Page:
Sznycel (Kotlet Mielony)

This is a flattened cutlet of port that is breaded and then fried. Very delicious and goes great with fries for lunch. They do a great sznycel in a restaurant near my flat.

Kaczka Pieczona z Jabłkami

Roast duck with apples, it can also be served with a beetroot mash and a red berry sauce. This is my wife’s favourite. You really have to try this in a restaurant in Warsaw, I insist.

Befsztyk tatarski

Polish style stake tartare, not to everyone’s taste, but here in Warsaw it is popular. It should be served with finely chopped ogórek, chopped preserved mushrooms and onions. Often it will also come with a small piece of fish to mix in and a drop of olive oil. I also like to add a little Maggi seasoning sauce to mine. I recommend it and you can buy packs of the tartare in the supermarkets in Poland to enjoy at home. That said, it is great for a starter in the restaurants here.

Bigos

Polish hunter’s stew, made with kapusta, various cuts of meat and sausages, mushrooms and dried plums. Very good and should be eaten if you get the chance. However, avoid the ready made versions in jars that you can find today. It is best eaten in a small restaurant in Warsaw.

That is just a flavour of the great food you can get in Poland. Maybe I should look at Polish deserts next week…

I'm blue da ba dee da ba die…

 The 2014 Nobel prize in physics has been awarded to Isamu Akasaki, Hiroshi Amano and Shuji Nakamura for the development of blue LEDs.

This year’s Nobel Laureates are rewarded for having invented a new energy-efficient and environment-friendly light source – the blue light-emitting diode (LED). In the spirit of Alfred Nobel the Prize rewards an invention of greatest benefit to mankind; using blue LEDs, white light can be created in a new way. With the advent of LED lamps we now have more long-lasting and more efficient alternatives to older light sources.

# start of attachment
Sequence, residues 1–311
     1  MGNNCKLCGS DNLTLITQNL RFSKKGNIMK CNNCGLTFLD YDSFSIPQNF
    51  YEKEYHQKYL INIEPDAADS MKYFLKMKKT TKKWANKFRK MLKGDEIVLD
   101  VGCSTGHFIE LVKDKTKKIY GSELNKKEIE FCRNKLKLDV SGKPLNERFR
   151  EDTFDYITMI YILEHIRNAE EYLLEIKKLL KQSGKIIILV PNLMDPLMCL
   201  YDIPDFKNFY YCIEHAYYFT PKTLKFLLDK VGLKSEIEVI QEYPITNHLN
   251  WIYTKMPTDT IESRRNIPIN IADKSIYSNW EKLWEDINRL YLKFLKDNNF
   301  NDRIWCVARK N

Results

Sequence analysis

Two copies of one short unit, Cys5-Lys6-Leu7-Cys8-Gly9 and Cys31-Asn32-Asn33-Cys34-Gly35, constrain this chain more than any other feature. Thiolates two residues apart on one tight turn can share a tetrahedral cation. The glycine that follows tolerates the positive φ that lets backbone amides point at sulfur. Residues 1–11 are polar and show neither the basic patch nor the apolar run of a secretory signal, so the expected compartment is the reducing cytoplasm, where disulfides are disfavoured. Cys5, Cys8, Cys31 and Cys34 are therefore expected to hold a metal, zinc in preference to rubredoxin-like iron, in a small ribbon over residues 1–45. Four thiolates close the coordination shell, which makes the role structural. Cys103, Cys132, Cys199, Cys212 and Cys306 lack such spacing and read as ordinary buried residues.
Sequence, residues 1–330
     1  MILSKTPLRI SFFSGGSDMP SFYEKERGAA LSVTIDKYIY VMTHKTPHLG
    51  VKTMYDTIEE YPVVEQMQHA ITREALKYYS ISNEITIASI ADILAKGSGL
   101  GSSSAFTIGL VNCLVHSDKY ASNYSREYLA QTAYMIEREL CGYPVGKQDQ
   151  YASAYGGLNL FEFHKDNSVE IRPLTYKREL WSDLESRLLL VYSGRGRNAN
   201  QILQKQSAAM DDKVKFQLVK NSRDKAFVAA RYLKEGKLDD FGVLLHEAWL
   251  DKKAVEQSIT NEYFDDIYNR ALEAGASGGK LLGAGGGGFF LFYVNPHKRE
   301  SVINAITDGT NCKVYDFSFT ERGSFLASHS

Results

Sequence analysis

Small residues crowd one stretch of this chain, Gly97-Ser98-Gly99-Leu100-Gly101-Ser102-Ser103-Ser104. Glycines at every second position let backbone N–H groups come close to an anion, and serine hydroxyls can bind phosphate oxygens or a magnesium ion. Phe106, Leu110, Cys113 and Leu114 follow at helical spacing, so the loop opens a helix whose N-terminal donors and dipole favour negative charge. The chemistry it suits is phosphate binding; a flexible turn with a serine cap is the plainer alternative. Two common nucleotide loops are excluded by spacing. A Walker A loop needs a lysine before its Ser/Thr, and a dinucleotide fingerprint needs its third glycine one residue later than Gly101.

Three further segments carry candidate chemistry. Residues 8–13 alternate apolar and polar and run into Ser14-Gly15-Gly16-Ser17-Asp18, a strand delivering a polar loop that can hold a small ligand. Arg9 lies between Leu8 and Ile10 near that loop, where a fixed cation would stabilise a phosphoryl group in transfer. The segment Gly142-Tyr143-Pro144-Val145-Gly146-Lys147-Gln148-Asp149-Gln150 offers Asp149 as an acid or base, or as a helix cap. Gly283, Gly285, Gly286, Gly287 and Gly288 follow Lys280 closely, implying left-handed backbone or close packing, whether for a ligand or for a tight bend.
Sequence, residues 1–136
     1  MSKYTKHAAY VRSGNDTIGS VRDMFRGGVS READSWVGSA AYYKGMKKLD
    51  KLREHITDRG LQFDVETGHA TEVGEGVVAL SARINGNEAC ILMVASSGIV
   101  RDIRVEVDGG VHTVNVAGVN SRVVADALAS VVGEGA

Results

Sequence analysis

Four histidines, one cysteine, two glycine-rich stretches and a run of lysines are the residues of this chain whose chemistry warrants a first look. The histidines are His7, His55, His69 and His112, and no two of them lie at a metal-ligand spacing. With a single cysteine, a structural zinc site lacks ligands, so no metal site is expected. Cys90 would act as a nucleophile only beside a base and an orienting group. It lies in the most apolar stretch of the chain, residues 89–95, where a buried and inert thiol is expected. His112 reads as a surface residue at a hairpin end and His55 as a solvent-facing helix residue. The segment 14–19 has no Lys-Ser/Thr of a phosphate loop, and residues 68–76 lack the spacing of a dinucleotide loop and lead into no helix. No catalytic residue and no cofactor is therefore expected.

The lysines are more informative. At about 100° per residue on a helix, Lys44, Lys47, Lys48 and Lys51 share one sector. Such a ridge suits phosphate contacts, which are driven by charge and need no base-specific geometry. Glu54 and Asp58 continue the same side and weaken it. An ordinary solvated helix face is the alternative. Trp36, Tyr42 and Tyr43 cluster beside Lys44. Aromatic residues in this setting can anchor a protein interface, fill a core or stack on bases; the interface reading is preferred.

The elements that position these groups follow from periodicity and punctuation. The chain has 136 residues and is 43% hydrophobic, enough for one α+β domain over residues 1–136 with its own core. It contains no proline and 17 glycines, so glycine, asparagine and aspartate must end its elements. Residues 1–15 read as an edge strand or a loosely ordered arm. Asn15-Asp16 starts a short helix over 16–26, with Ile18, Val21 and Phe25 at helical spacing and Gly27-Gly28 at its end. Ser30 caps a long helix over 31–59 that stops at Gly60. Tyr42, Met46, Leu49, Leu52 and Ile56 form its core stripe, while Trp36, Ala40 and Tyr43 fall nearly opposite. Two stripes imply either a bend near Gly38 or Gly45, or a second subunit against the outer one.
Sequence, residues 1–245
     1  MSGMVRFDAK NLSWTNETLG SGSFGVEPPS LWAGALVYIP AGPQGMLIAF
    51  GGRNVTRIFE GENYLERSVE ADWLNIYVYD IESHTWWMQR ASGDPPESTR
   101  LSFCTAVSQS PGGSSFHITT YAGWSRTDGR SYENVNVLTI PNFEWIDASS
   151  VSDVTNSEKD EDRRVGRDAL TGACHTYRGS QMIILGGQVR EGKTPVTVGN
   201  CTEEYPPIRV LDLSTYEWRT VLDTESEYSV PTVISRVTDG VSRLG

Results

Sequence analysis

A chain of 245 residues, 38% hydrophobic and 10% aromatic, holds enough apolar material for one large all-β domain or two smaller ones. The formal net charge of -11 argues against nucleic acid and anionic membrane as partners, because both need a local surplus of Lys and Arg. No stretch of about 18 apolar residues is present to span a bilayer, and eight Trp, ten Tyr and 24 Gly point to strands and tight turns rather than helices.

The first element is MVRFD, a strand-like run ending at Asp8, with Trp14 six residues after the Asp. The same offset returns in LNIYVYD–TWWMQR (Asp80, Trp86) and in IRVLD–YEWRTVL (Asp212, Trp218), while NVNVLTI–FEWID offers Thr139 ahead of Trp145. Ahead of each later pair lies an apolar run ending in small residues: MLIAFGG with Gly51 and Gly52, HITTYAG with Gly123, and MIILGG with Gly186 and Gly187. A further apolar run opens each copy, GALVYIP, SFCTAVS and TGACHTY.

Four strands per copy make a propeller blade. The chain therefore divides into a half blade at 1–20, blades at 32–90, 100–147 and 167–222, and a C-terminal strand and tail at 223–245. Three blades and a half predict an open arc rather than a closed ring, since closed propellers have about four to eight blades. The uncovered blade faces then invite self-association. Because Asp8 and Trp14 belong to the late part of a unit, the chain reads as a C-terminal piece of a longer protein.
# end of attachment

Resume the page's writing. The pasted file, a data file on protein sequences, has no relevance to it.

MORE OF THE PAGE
“The 2014 Nobel Prize in Physics – Press Release”. Nobelprize.org. Nobel Media AB 2014. Web. 7 Oct 2014.

Maths and Physics school on boating

 The Bałtycki Instytut Matematyki is organising a “Math & Physics & Sailing Camp”, where the participants can learn about mathematics, physics and sailing.

The camp will be in near the city of Tricity, Poland, which is situated on Gdańsk Bay. The planned start date is 1st May 2015. Keep an eye on the webpage for further details.

Mathematical Physics IOP booklet

 The Institute of Physics (IOP) has written a report that examines the relationship between mathematics and physics.

There is no completely agreed upon definition of mathematical physics, which is closer to mathematics that physics in most respects. The IOP report puts it like this;

Mathematical physics is best described as consisting of two parts: physical research that proceeds primarily through mathematical means and areas of mathematics that work to solve the problems posed by physics.

The Journal of Mathematical Physics define mathematical physics as;

…the application of mathematics to problems in physics and the development of mathematical methods suitable for such applications and for the formulation of physical theories.

The IOP booklet looks at a wide range of topics in mathematical physics from quantum mechanics, gravity & black holes, random matrix theory, solitons and topological insulators.

Ever wondered how to calculate a given number?

 How you ever wondered what is special about your favourite number? As we all know, the answer to the ultimate question of life, the universe and everything is $$42 = 2100/50 \approx sin(\pi 3/26)-sin(\pi 11/39)$$ and can also be approximated very well by many other expressions.

By using the The Inverse Symbolic Calculator (ISC) you can take numerology to another level by finding closed expressions that well approximate the number (any truncated decimal) you think has some special meaning. It used a mixture of lookup tables and integer relation algorithms. The tables were first compiled by S. Plouffe.

Whatever you do please have some fun with it.